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Andrew Lloyd Webber

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The Lord Lloyd-Webber
Lloyd Webber in 2009
Andrew Lloyd Webber

(1948-03-22) 22 March 1948 (age 76)
Kensington, London, England
Alma materRoyal College of Music
Years active1965–present
Notable work
Sarah Hugill
(m. 1971; div. 1983)
(m. 1984; div. 1990)
(m. 1991)
Children5, including Imogen and Nick
RelativesJulian Lloyd Webber (brother)
AwardsFull list
Member of the House of Lords
Lord Temporal
In office
25 February 1997 – 17 October 2017
Life peerage

Andrew Lloyd Webber, Baron Lloyd-Webber, KG (born 22 March 1948) is an English composer and impresario of musical theatre. Several of his musicals have run for more than a decade both in the West End and on Broadway. He has composed 21 musicals, a song cycle, a set of variations, two film scores, and a Latin Requiem Mass.

Several of Lloyd Webber's songs have been widely recorded and widely successful outside of their parent musicals, such as "Memory" from Cats, "The Music of the Night" and "All I Ask of You" from The Phantom of the Opera, "I Don't Know How to Love Him" from Jesus Christ Superstar, "Don't Cry for Me Argentina" from Evita, and "Any Dream Will Do" from Joseph and the Amazing Technicolor Dreamcoat. In 2001, The New York Times referred to him as "the most commercially successful composer in history".[1] The Daily Telegraph named him in 2008 the fifth-most powerful person in British culture, on which occasion lyricist Don Black said that "Andrew more or less single-handedly reinvented the musical."[2]

Lloyd Webber has received numerous awards, including a knighthood in 1992, followed by a peerage for services to the arts, six Tonys, seven Olivier Awards, three Grammys (as well as the Grammy Legend Award), an Academy Award, 14 Ivor Novello Awards, a Golden Globe, a Brit Award, the 2006 Kennedy Center Honors, and two Classic Brit Awards (for Outstanding Contribution to Music in 2008, and for Musical Theatre and Education in 2018).[3][4][5] In 2018, after Jesus Christ Superstar Live in Concert won the Primetime Emmy Award for Outstanding Variety Special (Live), he became the thirteenth person to win an Oscar, an Emmy, a Grammy, and a Tony.[6] He has a star on the Hollywood Walk of Fame, is an inductee into the Songwriters Hall of Fame, and is a fellow of the British Academy of Songwriters, Composers, and Authors.[7]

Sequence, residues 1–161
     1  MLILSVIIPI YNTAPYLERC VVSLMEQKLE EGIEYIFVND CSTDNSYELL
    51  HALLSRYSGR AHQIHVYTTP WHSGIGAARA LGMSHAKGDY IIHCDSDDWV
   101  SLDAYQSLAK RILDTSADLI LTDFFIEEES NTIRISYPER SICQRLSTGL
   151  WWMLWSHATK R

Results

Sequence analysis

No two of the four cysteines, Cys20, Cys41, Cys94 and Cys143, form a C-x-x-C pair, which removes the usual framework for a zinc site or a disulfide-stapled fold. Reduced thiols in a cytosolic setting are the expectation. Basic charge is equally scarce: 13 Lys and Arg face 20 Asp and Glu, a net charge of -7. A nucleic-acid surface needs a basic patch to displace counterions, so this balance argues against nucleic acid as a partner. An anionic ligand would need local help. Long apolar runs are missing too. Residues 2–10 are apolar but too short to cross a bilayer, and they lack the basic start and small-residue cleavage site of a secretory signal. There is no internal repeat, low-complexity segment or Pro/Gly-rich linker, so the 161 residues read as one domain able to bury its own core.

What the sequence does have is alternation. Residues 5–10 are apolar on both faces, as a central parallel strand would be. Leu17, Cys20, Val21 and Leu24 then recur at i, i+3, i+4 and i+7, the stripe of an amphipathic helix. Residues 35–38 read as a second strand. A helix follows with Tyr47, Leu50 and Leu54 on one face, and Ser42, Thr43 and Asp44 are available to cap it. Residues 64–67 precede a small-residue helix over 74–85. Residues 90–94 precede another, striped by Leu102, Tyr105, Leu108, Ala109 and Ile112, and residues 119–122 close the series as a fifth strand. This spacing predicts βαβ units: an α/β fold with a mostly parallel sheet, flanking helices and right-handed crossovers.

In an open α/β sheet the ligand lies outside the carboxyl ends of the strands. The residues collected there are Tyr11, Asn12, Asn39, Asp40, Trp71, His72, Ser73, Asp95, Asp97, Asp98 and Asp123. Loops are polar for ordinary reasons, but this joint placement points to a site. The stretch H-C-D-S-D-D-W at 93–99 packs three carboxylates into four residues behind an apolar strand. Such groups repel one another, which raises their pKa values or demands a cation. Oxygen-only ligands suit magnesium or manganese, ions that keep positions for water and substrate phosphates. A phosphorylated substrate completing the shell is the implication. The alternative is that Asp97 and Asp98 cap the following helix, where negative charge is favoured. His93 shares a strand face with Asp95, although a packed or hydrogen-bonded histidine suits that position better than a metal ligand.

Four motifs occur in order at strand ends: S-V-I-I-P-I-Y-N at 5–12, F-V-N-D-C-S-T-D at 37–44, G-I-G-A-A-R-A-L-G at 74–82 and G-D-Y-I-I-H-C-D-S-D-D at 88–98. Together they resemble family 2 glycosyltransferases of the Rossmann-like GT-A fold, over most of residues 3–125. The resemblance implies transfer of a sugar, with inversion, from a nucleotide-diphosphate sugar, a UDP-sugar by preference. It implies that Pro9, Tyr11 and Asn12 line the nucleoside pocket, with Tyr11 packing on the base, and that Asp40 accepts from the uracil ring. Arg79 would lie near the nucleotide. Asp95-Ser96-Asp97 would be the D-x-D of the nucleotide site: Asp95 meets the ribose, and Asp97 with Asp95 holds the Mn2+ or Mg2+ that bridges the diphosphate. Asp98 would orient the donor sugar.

The Really Useful Group, Lloyd Webber's company, is one of the largest theatre operators in London. Producers in several parts of the UK have staged productions, including national tours, of Lloyd Webber musicals under licence from the Really Useful Group. He is also the president of the Arts Educational Schools, London, a performing arts school located in Chiswick, West London. Lloyd Webber is involved in a number of charitable activities, including the Elton John AIDS Foundation, Nordoff Robbins, Prostate Cancer UK and War Child. In 1992, he started the Andrew Lloyd Webber Foundation which supports the arts, culture, and heritage of the UK.[8]

Early life[edit]

Lloyd Webber was born on 22 March 1948 in Kensington, London,[9] the elder son of William Lloyd Webber (1914–1982), a composer and organist, and Jean Hermione Johnstone (1921–1993), a violinist and pianist.[10] His younger brother, Julian Lloyd Webber, is a world-renowned solo cellist.[11] On the BBC's genealogy series Who Do You Think You Are?, he learned that his mother's great-great-uncle was the soldier Sir Peregrine Maitland who in 1815 served as a major general at the Battle of Waterloo.[12]

Lloyd Webber studied at the Royal College of Music in London as did his father William. In 2014, he received an honorary doctorate from the college for his "contribution to musical life".[13]

Lloyd Webber started writing his own music at a young age: a suite of six pieces at the age of nine.[14] He also put on "productions" with Julian and his aunt Viola in his toy theatre (which he built at Viola's suggestion). In his memoir, he writes: "mum was determined that I should be a prodigy in something or other."[15] His aunt Viola, an actress, took him to see many of her shows and through the stage door into the world of the theatre. His father enrolled him as a part-time student at the Eric Gilder School of Music in 1963.[16] At this time he was working on a Genghis Khan musical called Westonia!.[15]

From 1960 to 1965, Lloyd Webber was a Queen's Scholar at Westminster School. An avid listener of 1960s rock and pop music, he called The Rolling Stones song "(I Can't Get No) Satisfaction" the "best record of the Sixties", and Dusty Springfield's rendition of "Son of a Preacher Man" the song that taught him "the power of a perfect pop song".[17] He studied history for a term at Magdalen College, Oxford, although he abandoned the course in the winter of 1965 to study at the Royal College of Music in London and pursue his interest in musical theatre.[18][19]


Early years[edit]